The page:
• What to Say to Someone Who Lost a Loved One

    by Caroline Ryther
    on Jan 7th, 2019

If you’ve been in that situation, or if you currently are, it can be extremely difficult to know what to say. You come over to your friend’s house, she just lost her husband in a fatal accident a week ago, this is the first time seeing her since. What would you say in this situation? Would you try immediately cheering her up? How can you even try making someone happy again who is suffering such terrible loss?

Here is how we recommend you help and support someone in need of your attention and love during hardship:

Be yourself. When seeing your friend for the first time again after the tragedy, try being true to yourself and your intuition. There’s no perfect way of helping, and trying to act in a certain way can make you feel like an imposter and be very upsetting or confusing to the person you’re trying to help. Be yourself, and show the empathy you have in your heart the way you feel is most natural.

Let your friend know that their feelings are okay. They might have turned cold, paralyzed by chock, or might open the door with tears streaming down their eyes uncontrollably. Grief is unique to the experiencer and does not necessarily follow logical or predictable stages. It can be an emotional rollercoaster, with erratic highs, lows, and setbacks. Everyone grieves differently, so avoid telling your loved one what they “should” be feeling or doing. Feelings of remorse, rage, hopelessness, and panic are common. Your friend may yell to the heavens, obsess about the death, lash out at you or others, or cry for hours and hours. Your loved one needs reassurance that what they feel is normal, so do not judge them or take their grief reactions personally.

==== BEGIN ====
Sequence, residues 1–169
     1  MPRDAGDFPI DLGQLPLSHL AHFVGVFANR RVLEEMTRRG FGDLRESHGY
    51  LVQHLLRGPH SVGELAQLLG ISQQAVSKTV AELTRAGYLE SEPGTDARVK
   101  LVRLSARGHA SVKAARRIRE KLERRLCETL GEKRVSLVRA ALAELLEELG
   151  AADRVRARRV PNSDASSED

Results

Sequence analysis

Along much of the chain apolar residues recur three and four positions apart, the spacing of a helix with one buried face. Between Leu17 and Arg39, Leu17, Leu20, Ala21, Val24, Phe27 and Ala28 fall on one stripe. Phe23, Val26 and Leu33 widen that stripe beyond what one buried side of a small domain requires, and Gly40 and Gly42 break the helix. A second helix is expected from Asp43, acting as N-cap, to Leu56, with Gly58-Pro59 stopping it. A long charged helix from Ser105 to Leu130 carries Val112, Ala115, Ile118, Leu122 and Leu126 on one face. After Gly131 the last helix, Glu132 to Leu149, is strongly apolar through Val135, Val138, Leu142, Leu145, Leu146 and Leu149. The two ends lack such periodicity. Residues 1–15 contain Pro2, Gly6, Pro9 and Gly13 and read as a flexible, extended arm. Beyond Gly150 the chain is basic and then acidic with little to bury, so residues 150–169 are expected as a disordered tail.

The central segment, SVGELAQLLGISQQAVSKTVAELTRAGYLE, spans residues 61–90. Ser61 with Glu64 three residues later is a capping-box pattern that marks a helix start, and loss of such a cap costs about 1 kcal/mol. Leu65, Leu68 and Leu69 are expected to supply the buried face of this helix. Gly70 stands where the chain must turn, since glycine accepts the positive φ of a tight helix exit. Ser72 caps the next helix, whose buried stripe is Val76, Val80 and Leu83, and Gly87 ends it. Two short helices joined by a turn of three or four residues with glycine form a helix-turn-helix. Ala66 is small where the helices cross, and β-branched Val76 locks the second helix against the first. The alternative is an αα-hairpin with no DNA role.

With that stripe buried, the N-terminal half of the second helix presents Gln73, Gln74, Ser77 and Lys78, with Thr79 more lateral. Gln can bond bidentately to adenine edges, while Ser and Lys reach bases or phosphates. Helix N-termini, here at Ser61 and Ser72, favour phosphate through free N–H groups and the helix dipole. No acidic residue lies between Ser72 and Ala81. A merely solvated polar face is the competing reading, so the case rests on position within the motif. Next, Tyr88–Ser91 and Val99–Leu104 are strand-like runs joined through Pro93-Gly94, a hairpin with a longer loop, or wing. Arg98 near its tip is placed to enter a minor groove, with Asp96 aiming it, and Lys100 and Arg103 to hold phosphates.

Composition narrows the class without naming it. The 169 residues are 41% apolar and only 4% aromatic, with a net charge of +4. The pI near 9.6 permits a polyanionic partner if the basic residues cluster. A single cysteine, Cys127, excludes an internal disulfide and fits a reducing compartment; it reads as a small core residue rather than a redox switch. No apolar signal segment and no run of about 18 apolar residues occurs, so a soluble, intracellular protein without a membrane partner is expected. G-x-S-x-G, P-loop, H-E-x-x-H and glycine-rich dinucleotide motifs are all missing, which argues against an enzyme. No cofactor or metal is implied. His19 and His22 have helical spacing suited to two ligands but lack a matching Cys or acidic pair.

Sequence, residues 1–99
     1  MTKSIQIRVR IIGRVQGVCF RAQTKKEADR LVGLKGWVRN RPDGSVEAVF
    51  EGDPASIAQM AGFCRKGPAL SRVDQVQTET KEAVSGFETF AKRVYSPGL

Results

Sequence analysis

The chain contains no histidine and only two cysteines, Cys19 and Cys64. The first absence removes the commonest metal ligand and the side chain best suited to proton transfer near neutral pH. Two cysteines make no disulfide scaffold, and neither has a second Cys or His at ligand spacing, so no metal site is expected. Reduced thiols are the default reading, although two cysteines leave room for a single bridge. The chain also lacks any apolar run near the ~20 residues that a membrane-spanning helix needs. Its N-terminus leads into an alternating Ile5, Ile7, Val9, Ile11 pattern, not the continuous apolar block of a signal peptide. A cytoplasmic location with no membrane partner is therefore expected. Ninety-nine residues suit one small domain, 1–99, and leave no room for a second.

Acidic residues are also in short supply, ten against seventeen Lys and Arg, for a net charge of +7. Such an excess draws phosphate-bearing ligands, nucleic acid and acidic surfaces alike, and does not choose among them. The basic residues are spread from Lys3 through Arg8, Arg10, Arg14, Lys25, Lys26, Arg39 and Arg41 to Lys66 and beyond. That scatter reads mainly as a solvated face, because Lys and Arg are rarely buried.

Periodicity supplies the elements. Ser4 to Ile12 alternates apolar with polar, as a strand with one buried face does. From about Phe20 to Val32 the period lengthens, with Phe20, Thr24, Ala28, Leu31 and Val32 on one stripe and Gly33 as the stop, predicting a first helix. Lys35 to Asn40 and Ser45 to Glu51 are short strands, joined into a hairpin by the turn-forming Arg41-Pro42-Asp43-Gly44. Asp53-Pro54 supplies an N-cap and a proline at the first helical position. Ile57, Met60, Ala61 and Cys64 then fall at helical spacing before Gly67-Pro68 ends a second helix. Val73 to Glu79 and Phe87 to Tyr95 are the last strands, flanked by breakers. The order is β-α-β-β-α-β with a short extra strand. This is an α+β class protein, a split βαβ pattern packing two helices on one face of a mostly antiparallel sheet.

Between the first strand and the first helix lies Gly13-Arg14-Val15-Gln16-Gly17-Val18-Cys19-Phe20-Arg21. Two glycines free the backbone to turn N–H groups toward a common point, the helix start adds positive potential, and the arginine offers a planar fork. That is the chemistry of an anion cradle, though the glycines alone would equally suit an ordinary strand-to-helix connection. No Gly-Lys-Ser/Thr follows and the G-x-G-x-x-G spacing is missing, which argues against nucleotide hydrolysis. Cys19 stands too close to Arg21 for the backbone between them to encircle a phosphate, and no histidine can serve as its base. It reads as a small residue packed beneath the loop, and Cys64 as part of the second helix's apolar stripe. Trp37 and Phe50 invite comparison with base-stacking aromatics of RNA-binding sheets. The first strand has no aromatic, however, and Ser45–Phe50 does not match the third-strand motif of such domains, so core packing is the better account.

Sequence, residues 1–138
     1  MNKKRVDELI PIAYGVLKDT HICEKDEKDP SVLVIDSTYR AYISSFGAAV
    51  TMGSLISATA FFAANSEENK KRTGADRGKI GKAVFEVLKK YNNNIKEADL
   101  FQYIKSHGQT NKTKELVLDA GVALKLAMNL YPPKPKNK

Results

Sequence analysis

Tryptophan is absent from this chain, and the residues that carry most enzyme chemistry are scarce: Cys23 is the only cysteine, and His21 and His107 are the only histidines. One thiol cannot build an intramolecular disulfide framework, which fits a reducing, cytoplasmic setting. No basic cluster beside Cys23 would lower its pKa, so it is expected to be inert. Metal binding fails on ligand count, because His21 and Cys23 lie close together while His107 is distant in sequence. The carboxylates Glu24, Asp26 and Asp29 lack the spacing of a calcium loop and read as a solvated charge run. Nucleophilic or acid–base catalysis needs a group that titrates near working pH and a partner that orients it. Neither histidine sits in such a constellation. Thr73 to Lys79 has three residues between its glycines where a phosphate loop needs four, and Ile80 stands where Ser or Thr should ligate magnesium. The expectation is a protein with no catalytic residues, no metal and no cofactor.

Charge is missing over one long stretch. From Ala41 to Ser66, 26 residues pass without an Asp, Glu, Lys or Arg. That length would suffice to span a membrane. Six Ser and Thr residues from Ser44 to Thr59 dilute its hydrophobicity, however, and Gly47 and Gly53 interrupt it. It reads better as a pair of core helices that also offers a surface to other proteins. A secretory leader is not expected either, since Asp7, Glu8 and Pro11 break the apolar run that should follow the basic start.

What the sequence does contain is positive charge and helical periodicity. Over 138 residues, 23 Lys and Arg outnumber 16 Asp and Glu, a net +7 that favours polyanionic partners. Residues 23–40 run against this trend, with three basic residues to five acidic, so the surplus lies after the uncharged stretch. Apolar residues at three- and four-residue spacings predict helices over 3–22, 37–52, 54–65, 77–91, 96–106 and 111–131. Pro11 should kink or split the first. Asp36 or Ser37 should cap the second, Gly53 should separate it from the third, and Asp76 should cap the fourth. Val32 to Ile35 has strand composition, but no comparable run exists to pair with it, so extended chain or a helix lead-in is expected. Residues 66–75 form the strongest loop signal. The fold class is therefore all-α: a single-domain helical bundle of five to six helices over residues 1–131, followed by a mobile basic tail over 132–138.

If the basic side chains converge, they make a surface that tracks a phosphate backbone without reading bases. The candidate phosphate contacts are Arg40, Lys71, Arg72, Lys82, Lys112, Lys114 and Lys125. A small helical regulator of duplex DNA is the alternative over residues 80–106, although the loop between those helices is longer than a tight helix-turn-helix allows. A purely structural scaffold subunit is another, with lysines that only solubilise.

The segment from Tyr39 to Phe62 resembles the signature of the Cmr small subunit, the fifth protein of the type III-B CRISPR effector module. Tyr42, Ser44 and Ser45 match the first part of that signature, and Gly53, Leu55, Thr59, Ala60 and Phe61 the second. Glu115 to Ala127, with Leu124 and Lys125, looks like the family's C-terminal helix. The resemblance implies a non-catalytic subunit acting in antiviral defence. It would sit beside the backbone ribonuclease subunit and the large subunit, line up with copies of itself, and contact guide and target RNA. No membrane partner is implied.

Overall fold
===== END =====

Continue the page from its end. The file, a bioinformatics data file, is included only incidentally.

Don’t put any pressure. There is no telling when a person grieving will start to feel okay, and setting a timetable for them is wrong. For many people, recovery after tragedy can take 1-3 years, but for others, the grieving process may be longer or shorter. Don’t pressure your loved one to move on or make them feel like they’ve been grieving too long. This can actually slow the healing process and really hurt the relationship. Remember to treat your friend how you’d like to be treated, reach out with a call once a week, talk about fun or interesting things that have happened or exciting new projects and events taking place that you’d like to include them in. Always make sure you show empathy and don’t be scared of asking about how they really feel, how they’re really doing, and if you can help. Often people think grand gestures are needed to show that they truly care, and therefore become scared of falling short of expectations or paralyzed with fear of making a mistake. Honestly, just call, ask if you can come over and watch the new show on Netflix, bring over a batch of cookies randomly and leave them at the doorstep – be involved, be present, be empathetic. The smallest gestures mean the most.

Are you or a someone you know suffering from the loss of a loved one? Please don’t hesitate to ask us for help and schedule an appointment:

Phone: 847-306-8938

Email: pm@mind.md

Author Caroline Ryther

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